Sunday, February 12, 2012

Hypertension course - Day 2

After a too short night's sleep we started day two at 8:45 in the morning. The morning sessions covered treatment and current guidelines. Even though I was a bit tired, I managed to remember to take some pictures (for the blog), and write an extra presentation to replace a lecturer that could not attend.

There is massive data that shows that reducing the pressure under 140/90 mmHg is the first priority. Use what ever means necessary, just get the pressure down. Then there is data to show that renin-angiotensin-system-blockers may have some additional benefit. In type 1 diabetes this is indisputable. Type 1 diabetic patients should have an ACE-inhibitor or an ARB as soon as they show microalbuminuria, no matter what their pressure is. Unless you have a specific need for a beta-blocker you should start with a RAS-inihibitor and a calcium blocker.

The afternoon focused on target organ damage and associated diseases, such as diabetes, stroke and old age. To protect the heart and kidneys, ACE-inhibitors or ARBs are the best choices. To protect against renal failure and stroke it is quite clear that lower pressure is better down to 120/70, at least. For the heart, the nadir may be around 130/80, considering that the coronary arteries are perfused in diastole, this is not surprising. After stroke, certainly ischemic and maybe hemorrhagic, the pressure should not be treated the first couple of days, with the possible exception of systolic pressures above 220mmHg.

In the elderly, pulse pressure is a much stronger predictor of mortality than systolic pressure or diastolic pressure, so that 160/110 mmHg is actually better than 160/60 mmHg. Much better.

Hypertension is therapy resistant when treated with three antihypertensives at the maximal doses, including a thiazide-diuretic. It may then be time for renal nerve ablation, or to ask the patient if they eat a lot of salt. Another under-appreciated reason for uncontrolled blood pressure is doctor's-, or even investigator's-inertia. That is, the patient has an uncontrolled blood pressure, does not have the maximal dose, have not experienced any adverse events, and still the dosage isn't increased by the doctor.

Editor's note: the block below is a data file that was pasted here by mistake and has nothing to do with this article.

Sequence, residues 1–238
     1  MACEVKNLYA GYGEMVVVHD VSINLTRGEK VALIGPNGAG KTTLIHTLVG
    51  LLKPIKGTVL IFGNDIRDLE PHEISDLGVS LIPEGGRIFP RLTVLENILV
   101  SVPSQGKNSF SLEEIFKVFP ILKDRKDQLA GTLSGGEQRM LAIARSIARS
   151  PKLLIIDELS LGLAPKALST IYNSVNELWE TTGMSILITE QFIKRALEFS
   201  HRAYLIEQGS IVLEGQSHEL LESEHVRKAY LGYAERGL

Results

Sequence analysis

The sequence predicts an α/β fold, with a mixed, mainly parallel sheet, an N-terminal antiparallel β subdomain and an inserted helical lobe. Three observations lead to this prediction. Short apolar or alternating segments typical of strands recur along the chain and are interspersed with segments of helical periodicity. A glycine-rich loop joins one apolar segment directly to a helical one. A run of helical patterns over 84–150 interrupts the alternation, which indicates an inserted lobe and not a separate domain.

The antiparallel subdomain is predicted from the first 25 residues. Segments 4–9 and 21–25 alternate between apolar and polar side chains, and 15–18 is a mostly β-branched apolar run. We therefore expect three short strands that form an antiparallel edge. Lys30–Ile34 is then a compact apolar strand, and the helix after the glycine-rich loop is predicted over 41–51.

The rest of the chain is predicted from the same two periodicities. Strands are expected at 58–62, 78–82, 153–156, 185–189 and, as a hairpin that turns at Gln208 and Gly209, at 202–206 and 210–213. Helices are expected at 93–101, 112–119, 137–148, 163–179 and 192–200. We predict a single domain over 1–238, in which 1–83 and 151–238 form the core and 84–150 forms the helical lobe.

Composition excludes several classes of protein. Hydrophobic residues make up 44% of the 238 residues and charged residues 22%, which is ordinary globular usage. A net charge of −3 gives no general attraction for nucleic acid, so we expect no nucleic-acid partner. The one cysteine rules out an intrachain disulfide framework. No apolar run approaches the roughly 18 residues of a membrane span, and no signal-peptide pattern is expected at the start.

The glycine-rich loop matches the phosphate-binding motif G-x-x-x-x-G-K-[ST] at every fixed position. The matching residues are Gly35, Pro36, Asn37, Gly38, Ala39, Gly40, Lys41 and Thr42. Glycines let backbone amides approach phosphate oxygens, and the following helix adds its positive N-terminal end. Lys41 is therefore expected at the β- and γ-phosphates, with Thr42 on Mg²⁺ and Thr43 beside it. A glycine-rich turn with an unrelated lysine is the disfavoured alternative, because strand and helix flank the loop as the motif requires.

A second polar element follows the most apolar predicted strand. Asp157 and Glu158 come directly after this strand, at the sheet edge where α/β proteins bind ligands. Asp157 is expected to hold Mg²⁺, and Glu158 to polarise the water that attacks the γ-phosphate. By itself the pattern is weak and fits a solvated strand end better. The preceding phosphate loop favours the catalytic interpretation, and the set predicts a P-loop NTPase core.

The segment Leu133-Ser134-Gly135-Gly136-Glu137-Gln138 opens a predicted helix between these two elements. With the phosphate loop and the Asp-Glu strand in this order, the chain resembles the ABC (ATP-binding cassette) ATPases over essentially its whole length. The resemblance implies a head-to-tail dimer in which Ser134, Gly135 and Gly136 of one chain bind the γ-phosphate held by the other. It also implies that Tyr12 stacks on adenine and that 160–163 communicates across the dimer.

All in all, it was a very successful course. 130 attendees, and some 20 lecturers. The next one will be in two years, in 2014.

On a side-note, free wifi on the airplane home is brilliant. All airlines should provide it, on all flights.

Actually, everywhere should provide free wifi.

Thursday, February 09, 2012

Course on hypertension

Finally, the first day of our hypertension course has come to an end, and I can go to a much needed repose. First I just have to finish my blogpost, and possibly check the twitter. So far it has been a very successful course. As is traditional we started with epidemiology, worked through pathophysiology and diagnosis. Treatment will come tomorrow.

Here is a brief summary of the conclusions from the first day:

Hypertension is developing better traction with the big agencies, WHO etc, as the largest modifiable risk factor for disease and death. Not only in the high-income countries, but globally.

Prehypertension (120-140 in systolic- and 70-90 in diastolic blood pressure) is an important risk factor for later hypertension and later cardiovascular morbidity and death. It should probably indicate a closer follow up and counceling about life-style, although, it is still not well studied enough to be an indication for pharmacological treatment.

Diastolic hypertension is the strongest risk factor for later cardiovascular morbidity and mortality in adolescents. In middle age systolic blood pressure takes over, and in greater ages the pulse pressure is stronger than either.